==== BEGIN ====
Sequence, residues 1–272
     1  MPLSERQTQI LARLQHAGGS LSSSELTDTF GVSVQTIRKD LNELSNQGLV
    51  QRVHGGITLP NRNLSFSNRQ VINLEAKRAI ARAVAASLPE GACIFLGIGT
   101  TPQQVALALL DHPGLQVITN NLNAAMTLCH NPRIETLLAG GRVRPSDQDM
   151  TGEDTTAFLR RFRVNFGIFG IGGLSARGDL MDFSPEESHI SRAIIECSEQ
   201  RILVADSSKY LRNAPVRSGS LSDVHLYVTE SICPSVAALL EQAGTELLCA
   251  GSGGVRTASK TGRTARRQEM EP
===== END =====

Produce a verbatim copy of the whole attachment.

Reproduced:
Sequence, residues 1–272
     1  MPLSERQTQI LARLQHAGGS LSSSELTDTF GVSVQTIRKD LNELSNQGLV
    51  QRVHGGITLP NRNLSFSNRQ VINLEAKRAI ARAVAASLPE GACIFLGIGT
   101  TPQQVALALL DHPGLQVITN NLNAAMTLCH NPRIETLLAG GRVRPSDQDM
   151  TGEDTTAFLR RFRVNFGIFG IGGLSARGDL MDFSPEESHI SRAIIECSEQ
   201  RILVADSSKY LRNAPVRSGS LSDVHLYVTE SICPSVAALL EQAGTELLCA
   251  GSGGVRTASK TGRTARRQEM EP